A Closer Look at SEO – Why You Need Keywords for Your Website
My article about Search Engine Optimization (SEO) gave you an overview about how your website can be discovered by potential customers. You can have the most beautiful, useful and user-friendly website, but if you are lost in Google’s search results pages, all your efforts may have been wasted. Keywords are part of a successful SEO strategy to make your site visible. Let’s start with a beginner’s guide for keyword strategies.
What are Keywords?
Keywords will allow people to find your site via search engines. I frequently use the following example: When I was a child, we found businesses using the “Yellow Pages”. When you looked for a plumber, you went to the page with the list of all the plumbers in your area and chose one. Some paid for advertisement, others only provided their contact details. Very often, it was a hit and miss because there were no reviews and only limited ways to find new companies.
Today, Google and other search engines have made it much easier for businesses to be discovered by potential customers. Provided you understand their language, you can integrate certain key information into your website which allows you to be discovered by Google’s search algorithm and rank high in their search results. (Note: for reasons of simplicity, I focus on Google as search engine only in this article.)
Why Do We Need Keywords?
Keywords are all about language. We need to make an important distinction here: the language we as business owners use might not always exactly match how our customers think. It is crucial to put yourself in your customers’ shoes and think how they would search for your products or services on Google.
If you sell jewellery, for example, you as a business owner may think “Jewellery made from high quality materials sold at a good price” while your customers search for “cute and versatile gold necklace”.
Most importantly: a lot of people do not know about your store. Frankly, they might not even care about it. What they care about is your products. In the end, you want to make it as easy as possible to find WHAT they are looking for in YOUR store. Therefore, you need to make your website as easily understandable not only for the customer but also for Google and its search algorithms.
Types of Keywords
Let’s stick with our jewellery store example. If you think about keywords related to the store, your first idea would be the obvious: “jewellery”, “necklaces”, “bracelets”, etc. Of course, it would be great if your store ranked first if somebody searches for “jewellery” in Google. But the competition for these so-called “short keywords” will be extremely high given that almost all the pages in your field will use them.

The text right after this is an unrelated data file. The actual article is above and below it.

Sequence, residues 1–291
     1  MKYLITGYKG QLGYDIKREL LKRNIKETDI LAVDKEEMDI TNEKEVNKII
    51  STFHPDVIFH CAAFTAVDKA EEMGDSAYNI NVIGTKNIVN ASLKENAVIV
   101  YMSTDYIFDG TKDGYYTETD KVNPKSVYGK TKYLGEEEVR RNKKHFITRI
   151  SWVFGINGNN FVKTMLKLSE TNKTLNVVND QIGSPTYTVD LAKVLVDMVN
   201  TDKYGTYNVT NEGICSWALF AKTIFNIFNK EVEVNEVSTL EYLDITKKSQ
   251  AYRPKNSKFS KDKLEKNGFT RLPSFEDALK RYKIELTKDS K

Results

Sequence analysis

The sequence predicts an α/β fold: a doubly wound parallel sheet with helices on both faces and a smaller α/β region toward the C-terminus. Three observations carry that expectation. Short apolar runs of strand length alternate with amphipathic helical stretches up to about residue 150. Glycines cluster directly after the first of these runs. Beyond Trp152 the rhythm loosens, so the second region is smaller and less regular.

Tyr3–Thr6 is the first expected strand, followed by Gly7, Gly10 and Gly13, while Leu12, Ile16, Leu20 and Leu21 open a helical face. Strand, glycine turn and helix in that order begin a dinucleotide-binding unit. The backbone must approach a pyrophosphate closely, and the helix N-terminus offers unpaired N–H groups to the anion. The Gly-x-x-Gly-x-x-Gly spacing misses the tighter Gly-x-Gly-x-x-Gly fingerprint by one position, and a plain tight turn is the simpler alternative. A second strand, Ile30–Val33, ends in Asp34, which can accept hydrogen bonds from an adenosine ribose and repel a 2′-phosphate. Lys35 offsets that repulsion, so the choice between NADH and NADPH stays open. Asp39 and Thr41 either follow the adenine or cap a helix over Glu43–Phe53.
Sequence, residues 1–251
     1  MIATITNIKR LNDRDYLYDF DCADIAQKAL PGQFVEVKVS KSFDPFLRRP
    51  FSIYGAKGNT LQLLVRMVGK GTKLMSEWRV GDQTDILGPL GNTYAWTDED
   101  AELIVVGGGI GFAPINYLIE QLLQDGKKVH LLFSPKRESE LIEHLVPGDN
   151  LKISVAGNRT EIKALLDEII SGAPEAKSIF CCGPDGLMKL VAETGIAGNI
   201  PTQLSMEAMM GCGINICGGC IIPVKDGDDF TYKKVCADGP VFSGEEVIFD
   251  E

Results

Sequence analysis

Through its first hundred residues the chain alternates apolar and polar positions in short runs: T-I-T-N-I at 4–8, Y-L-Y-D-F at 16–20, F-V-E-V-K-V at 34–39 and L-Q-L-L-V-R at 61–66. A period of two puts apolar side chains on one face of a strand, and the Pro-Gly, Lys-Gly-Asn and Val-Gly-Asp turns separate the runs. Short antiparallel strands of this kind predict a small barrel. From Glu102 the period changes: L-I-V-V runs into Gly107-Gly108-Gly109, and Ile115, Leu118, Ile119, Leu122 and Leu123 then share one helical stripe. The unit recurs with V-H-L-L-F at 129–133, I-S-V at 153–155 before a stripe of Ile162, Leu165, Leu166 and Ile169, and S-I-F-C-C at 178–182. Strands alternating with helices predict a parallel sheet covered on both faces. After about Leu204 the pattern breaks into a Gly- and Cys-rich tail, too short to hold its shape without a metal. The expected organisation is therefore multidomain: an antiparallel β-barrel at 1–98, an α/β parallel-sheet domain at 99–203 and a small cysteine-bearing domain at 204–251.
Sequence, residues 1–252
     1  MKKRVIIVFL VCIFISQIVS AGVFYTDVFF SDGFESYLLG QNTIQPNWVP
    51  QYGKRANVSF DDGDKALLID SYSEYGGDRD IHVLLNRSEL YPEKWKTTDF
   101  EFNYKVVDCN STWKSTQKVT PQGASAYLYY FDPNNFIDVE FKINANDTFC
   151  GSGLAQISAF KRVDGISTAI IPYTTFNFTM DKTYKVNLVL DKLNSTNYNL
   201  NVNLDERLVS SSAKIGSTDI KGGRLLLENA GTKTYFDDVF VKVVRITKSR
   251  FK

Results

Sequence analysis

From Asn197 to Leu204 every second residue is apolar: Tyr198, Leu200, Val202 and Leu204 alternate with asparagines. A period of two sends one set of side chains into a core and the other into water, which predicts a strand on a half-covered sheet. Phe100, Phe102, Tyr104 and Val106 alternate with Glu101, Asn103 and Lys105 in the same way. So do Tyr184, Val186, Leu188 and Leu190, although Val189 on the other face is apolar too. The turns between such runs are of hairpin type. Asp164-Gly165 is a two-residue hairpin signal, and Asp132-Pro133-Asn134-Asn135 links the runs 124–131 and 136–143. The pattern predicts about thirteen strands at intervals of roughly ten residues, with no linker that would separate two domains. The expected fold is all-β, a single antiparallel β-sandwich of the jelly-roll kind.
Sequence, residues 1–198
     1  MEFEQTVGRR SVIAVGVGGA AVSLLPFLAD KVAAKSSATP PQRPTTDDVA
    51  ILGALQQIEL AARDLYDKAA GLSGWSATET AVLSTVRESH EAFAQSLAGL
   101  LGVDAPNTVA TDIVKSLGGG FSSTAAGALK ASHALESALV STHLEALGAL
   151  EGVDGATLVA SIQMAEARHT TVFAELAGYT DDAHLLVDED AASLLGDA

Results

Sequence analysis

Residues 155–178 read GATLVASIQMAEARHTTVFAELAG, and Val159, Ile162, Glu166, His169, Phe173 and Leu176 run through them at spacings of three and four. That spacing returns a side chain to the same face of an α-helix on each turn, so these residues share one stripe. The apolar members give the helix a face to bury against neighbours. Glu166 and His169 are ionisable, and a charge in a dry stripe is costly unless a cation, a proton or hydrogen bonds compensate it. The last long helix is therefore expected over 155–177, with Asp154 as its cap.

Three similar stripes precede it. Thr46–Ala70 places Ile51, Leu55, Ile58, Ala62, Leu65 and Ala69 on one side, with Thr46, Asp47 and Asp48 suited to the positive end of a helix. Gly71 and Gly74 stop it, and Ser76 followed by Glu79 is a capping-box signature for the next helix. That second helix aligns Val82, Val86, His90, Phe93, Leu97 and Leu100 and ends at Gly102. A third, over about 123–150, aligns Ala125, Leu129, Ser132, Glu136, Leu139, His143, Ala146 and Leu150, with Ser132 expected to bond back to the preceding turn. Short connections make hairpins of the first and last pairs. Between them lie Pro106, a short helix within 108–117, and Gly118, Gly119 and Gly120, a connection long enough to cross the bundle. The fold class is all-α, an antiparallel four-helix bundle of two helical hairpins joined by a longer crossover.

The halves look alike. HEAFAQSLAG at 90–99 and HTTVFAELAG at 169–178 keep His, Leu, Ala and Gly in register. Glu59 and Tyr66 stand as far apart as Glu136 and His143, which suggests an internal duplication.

Therefore, incorporate so-called “long-tail keywords” into your website. The above-mentioned “cute and versatile gold necklace” is one example of a long-tail keyword. It is similar to hashtags on Instagram – jewellery has millions of results, while a more concrete description or hashtag such as “cutegoldjewellery” will have fewer results. However, it will give you a more realistic opportunity to be found and ranked higher on the search engine results pages.
Mapping Your Website
We have covered the theory. What can you do now to optimize your website? You may be tempted to just go into each individual post and start entering keywords. Well, it would be first step. But like any other strategy, your keyword strategy needs to be carefully planned. If you just enter random keywords into your posts, you may be lucky and rank high with some of them. However, you want to make sure to have a coherent strategy which boosts your page overall and does more than just allowing you random hits.
Therefore, I recommend a keyword map for your website. I am a visual person and usually draw the hierarchy on a piece of paper. You can also use a spreadsheet where you map out the hierarchy. Start with the meta-topics, then break them down into the actual keywords.
Firstly, you need to think of your website as a whole. What is the overall topic of your website? In the jewellery example it is probably something like “beautiful high-end jewellery at affordable prices”.